Lebanon conflict hurting economy, experts say

Residents of Hay Madi, a southern suburb of Beirut, salvage what remains of their home and business after an Israeli airstrike. (Hugh Macleod/IRIN)

BAGHDAD — Economists say that the current conflict in Lebanon is having a negative impact on the Iraqi economy as most of its trade with Lebanon has been frozen and business with Syria has decreased.

“Lebanon and Syria were Iraqi’s most important trading partners,” says Muhammad Rushi, an economic analyst and professor at Baghdad University. “Hundreds of contracts had to be cancelled or postponed due to the current violence in Lebanon.”

There are no reliable statistics on the volume of trade between those countries but officials say that millions of dollars are exchanged every month in trade that includes medicines, vegetables and grains.

According to Rushi, loss of revenues from cancelled contracts could be disastrous to Iraq’s already shaken economy. “Trade with those countries [Syria and Lebanon] involves a huge number of investors, and even the ministry of Trade in Iraq,” Rushi notes.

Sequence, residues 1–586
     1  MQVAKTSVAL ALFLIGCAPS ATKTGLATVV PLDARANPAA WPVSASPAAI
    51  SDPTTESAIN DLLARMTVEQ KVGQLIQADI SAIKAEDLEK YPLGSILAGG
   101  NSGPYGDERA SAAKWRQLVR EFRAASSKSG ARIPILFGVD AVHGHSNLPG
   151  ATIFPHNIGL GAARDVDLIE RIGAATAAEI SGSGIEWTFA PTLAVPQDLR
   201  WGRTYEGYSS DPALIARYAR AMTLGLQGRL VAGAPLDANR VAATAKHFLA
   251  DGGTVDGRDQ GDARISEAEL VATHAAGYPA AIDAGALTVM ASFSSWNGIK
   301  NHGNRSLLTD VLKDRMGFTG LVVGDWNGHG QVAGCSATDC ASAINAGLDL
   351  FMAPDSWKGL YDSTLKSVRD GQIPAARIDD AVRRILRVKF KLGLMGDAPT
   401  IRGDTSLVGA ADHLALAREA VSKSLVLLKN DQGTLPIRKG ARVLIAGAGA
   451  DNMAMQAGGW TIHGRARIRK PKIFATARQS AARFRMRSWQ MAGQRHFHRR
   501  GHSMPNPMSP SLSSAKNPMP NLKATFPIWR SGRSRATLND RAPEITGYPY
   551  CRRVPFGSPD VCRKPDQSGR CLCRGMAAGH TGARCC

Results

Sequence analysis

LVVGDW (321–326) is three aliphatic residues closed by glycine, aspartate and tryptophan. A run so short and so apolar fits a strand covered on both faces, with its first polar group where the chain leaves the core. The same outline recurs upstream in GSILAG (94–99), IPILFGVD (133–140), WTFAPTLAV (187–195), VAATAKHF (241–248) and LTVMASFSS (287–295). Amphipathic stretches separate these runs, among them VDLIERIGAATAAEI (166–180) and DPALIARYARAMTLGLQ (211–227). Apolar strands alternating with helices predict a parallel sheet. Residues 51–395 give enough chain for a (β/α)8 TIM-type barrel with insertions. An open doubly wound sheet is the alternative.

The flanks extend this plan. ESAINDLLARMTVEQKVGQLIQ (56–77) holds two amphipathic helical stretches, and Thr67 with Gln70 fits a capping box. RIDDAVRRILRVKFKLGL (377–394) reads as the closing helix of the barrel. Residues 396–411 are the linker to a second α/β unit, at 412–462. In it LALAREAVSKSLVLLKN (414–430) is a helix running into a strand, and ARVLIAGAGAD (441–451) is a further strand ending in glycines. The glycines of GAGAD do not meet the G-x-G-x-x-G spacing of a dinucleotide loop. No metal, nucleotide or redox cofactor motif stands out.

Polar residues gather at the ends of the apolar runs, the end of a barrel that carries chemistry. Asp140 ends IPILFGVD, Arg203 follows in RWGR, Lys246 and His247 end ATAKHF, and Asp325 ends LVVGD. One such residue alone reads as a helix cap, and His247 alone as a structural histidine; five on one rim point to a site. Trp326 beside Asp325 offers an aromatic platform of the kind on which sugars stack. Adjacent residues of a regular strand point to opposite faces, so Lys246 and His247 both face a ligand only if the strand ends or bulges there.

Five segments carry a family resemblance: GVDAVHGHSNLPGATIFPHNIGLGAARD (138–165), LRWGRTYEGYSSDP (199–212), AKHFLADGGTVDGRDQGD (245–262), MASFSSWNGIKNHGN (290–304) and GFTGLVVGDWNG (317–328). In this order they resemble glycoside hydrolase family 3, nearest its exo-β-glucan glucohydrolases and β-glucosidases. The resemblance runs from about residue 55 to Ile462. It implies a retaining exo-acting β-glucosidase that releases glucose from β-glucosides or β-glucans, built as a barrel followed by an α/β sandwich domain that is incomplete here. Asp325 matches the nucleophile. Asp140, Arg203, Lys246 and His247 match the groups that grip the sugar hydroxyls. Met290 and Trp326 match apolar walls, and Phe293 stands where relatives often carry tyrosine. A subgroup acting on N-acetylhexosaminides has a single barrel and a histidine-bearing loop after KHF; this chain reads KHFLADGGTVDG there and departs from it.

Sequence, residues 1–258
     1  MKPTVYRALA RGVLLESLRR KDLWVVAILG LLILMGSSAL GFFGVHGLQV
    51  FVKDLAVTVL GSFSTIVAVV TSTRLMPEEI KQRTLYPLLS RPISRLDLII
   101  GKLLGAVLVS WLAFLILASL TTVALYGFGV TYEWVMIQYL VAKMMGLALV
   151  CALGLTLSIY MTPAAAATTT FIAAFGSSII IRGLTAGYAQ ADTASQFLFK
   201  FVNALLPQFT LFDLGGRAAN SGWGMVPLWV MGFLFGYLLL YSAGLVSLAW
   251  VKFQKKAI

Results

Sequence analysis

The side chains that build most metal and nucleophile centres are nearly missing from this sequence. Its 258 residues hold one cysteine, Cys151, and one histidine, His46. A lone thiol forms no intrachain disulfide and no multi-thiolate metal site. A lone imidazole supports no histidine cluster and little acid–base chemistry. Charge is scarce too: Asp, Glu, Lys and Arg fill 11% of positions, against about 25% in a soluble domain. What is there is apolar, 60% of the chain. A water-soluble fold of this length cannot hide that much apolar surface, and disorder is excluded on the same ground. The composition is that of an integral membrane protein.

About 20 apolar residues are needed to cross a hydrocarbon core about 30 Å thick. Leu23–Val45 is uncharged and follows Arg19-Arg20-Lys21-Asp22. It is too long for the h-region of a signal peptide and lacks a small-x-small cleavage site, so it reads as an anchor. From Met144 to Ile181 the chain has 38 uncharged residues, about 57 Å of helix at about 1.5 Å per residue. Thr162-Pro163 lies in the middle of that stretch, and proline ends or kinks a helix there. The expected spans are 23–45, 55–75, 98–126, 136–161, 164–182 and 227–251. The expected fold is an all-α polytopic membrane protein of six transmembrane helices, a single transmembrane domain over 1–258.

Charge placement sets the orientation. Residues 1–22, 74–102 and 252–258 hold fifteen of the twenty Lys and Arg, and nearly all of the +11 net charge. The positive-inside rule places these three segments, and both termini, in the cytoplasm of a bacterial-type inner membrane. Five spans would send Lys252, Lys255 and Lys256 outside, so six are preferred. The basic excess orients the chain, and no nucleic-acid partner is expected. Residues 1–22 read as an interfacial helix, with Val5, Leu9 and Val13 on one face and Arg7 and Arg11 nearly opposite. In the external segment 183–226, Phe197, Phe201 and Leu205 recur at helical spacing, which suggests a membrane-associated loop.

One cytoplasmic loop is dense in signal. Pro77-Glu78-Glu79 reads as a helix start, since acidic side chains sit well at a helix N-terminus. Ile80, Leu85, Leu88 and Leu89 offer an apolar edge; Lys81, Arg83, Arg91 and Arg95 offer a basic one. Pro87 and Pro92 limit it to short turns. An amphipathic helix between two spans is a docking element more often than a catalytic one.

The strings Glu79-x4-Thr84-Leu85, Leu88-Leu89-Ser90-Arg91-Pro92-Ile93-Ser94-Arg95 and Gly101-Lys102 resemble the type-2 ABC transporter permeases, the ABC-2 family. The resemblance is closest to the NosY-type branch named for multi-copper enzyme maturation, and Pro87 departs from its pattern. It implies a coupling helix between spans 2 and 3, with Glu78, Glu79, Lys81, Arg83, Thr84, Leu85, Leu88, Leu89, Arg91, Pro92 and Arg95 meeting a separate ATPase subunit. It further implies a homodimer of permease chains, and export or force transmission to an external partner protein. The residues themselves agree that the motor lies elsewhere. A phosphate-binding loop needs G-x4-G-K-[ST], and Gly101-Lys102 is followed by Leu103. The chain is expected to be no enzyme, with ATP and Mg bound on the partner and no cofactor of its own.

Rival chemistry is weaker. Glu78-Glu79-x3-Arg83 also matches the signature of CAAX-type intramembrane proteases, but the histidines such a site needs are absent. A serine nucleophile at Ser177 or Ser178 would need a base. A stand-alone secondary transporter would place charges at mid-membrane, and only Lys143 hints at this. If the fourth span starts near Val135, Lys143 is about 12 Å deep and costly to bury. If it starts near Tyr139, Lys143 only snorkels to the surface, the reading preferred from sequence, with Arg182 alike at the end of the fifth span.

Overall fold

Since the Israeli attacks on Lebanon started on 12 July, nearly 100 trucks carrying Iraqi exports to Lebanon have been kept at the Iraqi border or inside Syria. Drivers say that some materials, particularly food items, have already expired.

“Because of the long stoppage at the border and because of the hot weather, the food that I was sending to Beirut has become rotten,” says Safua’ad Ahmed, owner of a trading coompany in the capital, Baghdad. “As a result, I have lost about $200,000. Many of my colleagues have suffered huge losses for the same reason, and in such cases there is no one who can help us.”

Trade with Syria has also decreased in the past two weeks as Syria has been preoccupied with helping those Lebanese who are seeking refuge in their territory.

“Most of the contracts with Syria and Lebanon have been frozen and it is unlikely they will be revived in the near future,” says a senior official in the Iraq’s Ministry of Trade. “Even products from Syria that are required in Iraq are scarce.”

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